It has multiple meanings. One being to breathe in, inhale. Another to influence, move or guide. What books have you breathed in so fully, been consumed with so utterly that there was barely room in your mind for anything else? I know that happened with Catherine M. Wilson’s series When Women Were Warriors and more recently with Fletcher DeLancey’s The Caphenon.

While reading those and for weeks after all I wanted to do was talk about ideas and interactions uncovered in these works to anyone who would listen. They filled my page loving soul to the brink! What about the books that have influenced you, moved you, guided you to actually do something about it? Made a change?

I’m sure I’m supposed to say that all my reading selections have that purpose- they all inspire me, but I’m wondering about the misses. As Sinclair wrote about his novel: I aimed for the public’s heart, And…hit it in the stomach.

Yes, I was supposed to be inspired by the socialist outcry so prevalent in The Jungle, and I was, but I was hit big time in the stomach. A hit that caused me to change. I would venture to say, though not confirmed, that MacGregor was doing what she does best with Anyone But You– providing her readers with a well written story featuring dynamic characters who give readers a chance to escape for several hours of reading pleasure.

Was it a miss to hit my conscious instead of just my romance loving heart? Did she intend to write a story that made a reader want to reach out to her community and participate in change or was that a bonus hit?

How about Susan X Meagher, do you think she expected a reader to sign up for the AIDS LifeCycle after reading the first in her series, I Found My Heart in San Francisco thinking that sounds like a fun adventure!? And then sign up for the next three years?

Would Jean Stewart be pleased that a reader thought about adopting a LGBT youth, after reading Emerald City Blues? A thought reconfirmed in Annameekee Hesik’s Driving Lessons. Or are these all good misses to stories of our LGBT history?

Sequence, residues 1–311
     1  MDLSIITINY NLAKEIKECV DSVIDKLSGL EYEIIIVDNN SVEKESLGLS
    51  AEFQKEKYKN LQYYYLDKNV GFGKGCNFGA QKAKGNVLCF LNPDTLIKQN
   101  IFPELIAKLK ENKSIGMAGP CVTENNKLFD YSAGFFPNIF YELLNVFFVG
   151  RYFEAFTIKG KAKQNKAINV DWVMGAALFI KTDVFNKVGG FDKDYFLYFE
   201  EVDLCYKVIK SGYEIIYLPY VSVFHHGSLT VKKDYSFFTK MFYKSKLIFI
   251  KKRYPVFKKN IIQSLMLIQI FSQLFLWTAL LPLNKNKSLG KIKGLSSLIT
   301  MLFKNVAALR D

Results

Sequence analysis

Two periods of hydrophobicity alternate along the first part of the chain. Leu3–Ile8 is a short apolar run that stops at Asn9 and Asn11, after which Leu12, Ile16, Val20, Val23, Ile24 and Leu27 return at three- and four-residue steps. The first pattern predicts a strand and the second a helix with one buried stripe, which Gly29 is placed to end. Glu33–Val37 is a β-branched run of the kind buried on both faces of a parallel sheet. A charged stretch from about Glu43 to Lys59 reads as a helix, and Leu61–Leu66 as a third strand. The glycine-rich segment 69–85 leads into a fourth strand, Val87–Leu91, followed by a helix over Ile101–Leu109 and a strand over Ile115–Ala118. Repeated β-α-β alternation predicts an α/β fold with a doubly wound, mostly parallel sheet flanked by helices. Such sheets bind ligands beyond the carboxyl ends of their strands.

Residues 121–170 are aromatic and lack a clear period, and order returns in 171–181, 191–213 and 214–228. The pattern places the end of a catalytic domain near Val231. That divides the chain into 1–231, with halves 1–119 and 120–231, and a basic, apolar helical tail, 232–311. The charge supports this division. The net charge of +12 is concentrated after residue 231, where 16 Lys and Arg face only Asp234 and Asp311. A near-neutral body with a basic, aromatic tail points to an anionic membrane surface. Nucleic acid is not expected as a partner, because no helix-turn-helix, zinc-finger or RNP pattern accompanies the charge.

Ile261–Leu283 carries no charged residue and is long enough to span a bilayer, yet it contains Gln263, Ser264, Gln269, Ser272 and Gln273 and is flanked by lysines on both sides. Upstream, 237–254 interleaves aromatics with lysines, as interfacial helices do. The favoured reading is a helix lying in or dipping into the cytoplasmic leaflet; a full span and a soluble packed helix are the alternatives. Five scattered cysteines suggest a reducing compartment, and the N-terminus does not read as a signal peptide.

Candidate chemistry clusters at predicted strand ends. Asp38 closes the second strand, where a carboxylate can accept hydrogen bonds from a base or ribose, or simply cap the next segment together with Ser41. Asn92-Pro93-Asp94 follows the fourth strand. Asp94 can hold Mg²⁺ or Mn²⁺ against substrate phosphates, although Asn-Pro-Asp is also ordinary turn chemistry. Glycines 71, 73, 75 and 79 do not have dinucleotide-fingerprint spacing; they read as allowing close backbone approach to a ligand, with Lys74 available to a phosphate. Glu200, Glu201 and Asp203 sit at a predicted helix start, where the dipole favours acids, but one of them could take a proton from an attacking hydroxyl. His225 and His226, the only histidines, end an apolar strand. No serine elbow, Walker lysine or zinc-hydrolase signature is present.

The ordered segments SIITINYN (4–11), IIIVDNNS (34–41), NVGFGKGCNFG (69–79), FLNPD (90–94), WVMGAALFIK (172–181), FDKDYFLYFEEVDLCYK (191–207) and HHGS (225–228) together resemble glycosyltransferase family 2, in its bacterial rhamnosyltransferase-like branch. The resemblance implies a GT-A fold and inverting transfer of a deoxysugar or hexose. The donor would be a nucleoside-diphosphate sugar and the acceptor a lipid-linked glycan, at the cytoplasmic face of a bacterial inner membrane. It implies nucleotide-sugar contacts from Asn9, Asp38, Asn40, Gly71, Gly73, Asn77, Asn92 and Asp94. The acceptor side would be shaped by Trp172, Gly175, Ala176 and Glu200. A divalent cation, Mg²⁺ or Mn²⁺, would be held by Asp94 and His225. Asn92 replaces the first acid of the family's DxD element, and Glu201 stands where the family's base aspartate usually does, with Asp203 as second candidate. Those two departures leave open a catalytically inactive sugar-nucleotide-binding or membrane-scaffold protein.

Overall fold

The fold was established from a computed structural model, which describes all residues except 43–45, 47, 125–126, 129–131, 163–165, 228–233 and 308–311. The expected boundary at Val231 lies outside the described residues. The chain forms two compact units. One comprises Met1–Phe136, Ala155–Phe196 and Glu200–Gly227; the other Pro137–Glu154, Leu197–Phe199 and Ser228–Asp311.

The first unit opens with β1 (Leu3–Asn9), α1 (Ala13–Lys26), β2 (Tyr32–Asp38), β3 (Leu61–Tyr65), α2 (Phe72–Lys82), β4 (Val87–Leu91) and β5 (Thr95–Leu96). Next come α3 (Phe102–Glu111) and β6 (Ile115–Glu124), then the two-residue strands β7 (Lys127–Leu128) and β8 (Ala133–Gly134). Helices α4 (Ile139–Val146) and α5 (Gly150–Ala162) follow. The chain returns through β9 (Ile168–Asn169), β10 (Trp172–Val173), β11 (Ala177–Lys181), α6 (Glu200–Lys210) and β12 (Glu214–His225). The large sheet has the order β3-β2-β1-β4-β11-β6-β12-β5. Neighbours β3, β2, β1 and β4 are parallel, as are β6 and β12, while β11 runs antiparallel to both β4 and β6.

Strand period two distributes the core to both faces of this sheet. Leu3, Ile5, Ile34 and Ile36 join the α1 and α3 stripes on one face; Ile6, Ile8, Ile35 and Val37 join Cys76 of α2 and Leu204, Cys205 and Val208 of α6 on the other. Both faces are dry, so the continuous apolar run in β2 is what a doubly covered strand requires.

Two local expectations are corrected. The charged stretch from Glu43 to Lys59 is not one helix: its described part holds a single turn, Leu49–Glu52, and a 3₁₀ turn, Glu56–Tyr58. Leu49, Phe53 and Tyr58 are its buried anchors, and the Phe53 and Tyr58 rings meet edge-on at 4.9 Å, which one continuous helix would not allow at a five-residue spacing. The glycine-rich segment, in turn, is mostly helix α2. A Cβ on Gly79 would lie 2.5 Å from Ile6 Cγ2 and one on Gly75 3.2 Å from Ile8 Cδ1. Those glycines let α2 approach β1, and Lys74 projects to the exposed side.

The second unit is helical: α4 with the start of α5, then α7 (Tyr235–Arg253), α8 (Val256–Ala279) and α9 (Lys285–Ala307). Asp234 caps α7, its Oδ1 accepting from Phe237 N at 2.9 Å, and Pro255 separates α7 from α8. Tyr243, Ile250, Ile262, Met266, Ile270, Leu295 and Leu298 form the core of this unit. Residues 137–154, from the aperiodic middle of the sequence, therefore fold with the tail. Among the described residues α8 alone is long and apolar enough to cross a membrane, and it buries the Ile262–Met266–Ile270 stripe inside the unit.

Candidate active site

As a reader I’m wondering what other readers have been hit with “misses” and how they embraced them. Has a book caused a change in your life? Have you been inspired beyond the pages to do something or change something? Have you ever let the author know what they did to change your life? Just one curious reader loving how dynamic our LesFic authors really are.

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15 thoughts on “Hit or Miss — A reader’s perspective of authors’ messages by Erin Saluta

  1. I love books that inspire me to be a better person – through a character I can love, and grow with. I loved this blog – and now you have me thinking. Great job on that 🙂 I tried to show a different side of addiction in The Deadening – by different I mean a different perspective and that not all addicts are cardboard cutouts as the media will show you. I received a letter from a reader that thanked me – for not portraying Shade as a monster. Very thought provoking – and YES, I wanted to adopt a LGBT youth after reading Emerald City Blues!